Merchant of Death
Money, Guns, Planes, and the Man Who Makes War Possible

Blood from Stones

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Al Qaeda's Changing Strategy and Warnings of Attacks
Al Qaeda (meaning the core group led by bin Laden) seems to be adjusting its strategy in the wake of the relative success of Hezbollah in its recent war with Israel. Rather than letting Hezbollah and Shi'ite groups operate there alone with such greatly enhanced stature, the core al Qaeda leadership is working hard to regroup with an eye toward moving into more direct attacks on Israel and corrupt Islamic regimes.

The al Qaeda leadership appears to be concerned that Hezbollah's ability to frontally attack the "Great Satan" of Israel and not only survive, but prosper politically around the Arab world, will undermine al Qaeda's standing and that of its leadership.

As the Asia Times reports, the recent decision by Pakistan to negotiate a truce with the Taliban in several provinces has helped faciliate this by unblocking the flow of money to bin Laden and his network. While the Taliban may not be militarily active in those regions, in technical compliance with the terms of the agreement, the cessation of hostilities has made it far easier for bin Laden to regain his financial footing and project control further than he has been able to in some time. In fact, this consolidation has been going on for several months, taking advantage of the easing of Pakistani pressure during the negotiating process.

Earlier this week bin Laden's chief deputy, Ayman al-Zawahiri, warned that the Persian Gulf and Israel woudl be the next al Qaeda targets. He has also repeatedly called on others to join in united Muslim efforts to fan the flames of unrest around the globe. This includes not only keeping the Afghan and Iraqi fronts open, but expanding the conflicts in Somalia, the Philippines, Sudan and elsewhere.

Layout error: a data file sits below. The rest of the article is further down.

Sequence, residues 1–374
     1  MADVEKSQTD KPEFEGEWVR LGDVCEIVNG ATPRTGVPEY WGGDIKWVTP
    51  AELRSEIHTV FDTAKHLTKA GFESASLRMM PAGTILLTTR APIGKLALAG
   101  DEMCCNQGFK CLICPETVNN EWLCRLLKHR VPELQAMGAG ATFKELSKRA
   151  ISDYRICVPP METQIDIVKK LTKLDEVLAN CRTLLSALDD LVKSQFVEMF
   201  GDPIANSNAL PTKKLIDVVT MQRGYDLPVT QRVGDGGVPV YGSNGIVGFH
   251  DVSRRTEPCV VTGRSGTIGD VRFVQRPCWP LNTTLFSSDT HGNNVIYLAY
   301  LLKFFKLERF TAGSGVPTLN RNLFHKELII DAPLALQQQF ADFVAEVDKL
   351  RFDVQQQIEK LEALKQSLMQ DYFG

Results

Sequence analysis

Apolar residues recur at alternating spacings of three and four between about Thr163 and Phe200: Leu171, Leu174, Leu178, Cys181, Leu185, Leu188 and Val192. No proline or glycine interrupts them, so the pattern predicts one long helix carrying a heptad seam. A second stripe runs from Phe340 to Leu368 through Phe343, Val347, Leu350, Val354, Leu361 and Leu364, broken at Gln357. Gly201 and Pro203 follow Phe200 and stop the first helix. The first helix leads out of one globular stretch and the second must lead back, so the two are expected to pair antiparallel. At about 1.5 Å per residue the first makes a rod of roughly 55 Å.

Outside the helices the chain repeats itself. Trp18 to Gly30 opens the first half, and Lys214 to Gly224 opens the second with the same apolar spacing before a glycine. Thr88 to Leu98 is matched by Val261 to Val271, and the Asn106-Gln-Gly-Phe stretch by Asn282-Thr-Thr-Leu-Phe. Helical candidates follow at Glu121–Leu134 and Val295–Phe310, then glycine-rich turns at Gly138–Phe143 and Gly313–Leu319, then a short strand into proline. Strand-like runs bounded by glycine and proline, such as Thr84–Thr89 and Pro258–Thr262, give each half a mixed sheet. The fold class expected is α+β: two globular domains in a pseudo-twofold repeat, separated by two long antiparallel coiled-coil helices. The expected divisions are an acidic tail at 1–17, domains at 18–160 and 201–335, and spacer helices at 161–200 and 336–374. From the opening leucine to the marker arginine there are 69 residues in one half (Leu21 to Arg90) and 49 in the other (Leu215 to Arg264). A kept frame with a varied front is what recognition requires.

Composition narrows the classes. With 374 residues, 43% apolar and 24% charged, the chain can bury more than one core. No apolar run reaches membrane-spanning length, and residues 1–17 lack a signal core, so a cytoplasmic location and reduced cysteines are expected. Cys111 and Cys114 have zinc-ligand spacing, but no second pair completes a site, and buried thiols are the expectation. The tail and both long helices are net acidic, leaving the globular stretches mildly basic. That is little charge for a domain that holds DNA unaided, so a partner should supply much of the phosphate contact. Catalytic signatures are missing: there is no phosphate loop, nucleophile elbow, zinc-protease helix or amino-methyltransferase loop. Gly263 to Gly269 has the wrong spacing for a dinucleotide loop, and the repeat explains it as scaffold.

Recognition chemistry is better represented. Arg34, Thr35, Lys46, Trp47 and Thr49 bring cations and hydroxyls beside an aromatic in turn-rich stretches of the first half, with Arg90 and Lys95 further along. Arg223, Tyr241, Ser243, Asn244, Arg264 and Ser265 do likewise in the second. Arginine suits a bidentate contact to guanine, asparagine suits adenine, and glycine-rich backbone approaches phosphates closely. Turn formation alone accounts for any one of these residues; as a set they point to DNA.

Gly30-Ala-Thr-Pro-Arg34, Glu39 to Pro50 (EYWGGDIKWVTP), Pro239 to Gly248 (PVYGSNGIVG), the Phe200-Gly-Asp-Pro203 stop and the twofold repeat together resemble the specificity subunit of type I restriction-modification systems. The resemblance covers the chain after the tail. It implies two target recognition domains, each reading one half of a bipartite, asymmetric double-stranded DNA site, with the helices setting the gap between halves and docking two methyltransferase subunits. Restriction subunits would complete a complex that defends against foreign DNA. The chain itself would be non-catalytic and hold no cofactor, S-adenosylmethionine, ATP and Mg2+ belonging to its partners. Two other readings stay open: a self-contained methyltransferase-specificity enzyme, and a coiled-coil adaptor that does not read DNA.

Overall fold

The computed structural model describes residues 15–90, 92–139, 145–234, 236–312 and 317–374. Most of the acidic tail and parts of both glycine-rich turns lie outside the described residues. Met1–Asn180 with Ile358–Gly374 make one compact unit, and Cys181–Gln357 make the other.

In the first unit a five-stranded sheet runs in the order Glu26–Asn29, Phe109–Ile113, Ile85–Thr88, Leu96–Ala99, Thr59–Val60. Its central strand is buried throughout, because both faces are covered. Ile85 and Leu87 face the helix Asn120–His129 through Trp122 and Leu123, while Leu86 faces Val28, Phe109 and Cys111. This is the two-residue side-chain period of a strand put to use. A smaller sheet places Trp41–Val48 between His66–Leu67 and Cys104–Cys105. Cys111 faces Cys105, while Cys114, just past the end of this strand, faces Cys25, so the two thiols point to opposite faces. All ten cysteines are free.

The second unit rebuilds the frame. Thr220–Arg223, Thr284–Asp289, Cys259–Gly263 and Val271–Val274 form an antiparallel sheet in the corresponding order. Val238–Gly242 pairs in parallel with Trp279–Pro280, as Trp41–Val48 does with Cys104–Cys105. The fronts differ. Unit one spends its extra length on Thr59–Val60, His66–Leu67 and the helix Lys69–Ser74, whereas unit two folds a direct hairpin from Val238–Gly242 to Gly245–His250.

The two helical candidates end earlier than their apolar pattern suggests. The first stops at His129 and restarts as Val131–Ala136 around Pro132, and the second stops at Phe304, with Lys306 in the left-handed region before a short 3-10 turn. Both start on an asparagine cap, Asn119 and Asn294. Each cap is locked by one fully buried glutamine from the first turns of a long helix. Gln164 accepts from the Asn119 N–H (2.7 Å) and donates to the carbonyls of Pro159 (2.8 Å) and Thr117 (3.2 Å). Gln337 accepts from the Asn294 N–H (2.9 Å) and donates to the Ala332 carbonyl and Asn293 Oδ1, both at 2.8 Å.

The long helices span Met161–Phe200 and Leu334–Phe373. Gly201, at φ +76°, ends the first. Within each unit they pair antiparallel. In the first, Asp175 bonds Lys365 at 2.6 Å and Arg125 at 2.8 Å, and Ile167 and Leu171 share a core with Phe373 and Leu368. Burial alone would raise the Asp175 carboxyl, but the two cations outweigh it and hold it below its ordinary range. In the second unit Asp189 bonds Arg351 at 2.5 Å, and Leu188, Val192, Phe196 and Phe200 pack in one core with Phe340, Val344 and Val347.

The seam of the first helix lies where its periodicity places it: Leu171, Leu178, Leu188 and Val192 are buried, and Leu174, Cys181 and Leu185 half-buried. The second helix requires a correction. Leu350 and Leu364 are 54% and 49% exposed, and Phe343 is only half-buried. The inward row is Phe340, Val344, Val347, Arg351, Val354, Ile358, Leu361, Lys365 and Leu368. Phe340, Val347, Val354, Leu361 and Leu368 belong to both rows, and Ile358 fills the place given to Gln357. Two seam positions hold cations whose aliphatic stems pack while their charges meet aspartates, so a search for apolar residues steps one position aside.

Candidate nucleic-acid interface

It is not hard to see U.S. forces are stretched to their limit. Another war cannot be handled by the current military structure. Nor is there political capital to spend on chasing far-away wars that seem peripheral to our security interests. This is the advantage the jihadis have. For decades Saudi-funded Wahhabist theology has spread like gasoline across much of the Muslim world. It will take a relatively small spark to get the flames going, especially when there is at least the perception on the street that once-invincible enemies (Israel) are suddenly vulnerable.

The al Qaeda leadership may be somewhat isolated, but they surely can read the international winds. With more money flowing, a strengthened Taliban, a resilient Iraqi insurgency, a resurgent Hezbollah and spreading Islamist pockets from Somalia to Sudan, the contours of a strategy to take advantage of this are not hard to see.

I do not believe Hezbollah and al Qaeda can or will form a durable alliance. But there is strong evidence to suggest that they have and will help each other tactically if conditions require it. This correlation of forces, coupled with al Qaeda's repeated warnings to repent and turn to Allah-a key prerequisite to be fulfilled before an attack on infidels, as Mike Scheuer and others have recently correctly pointed out-point to a jihadi offensive of some strength.
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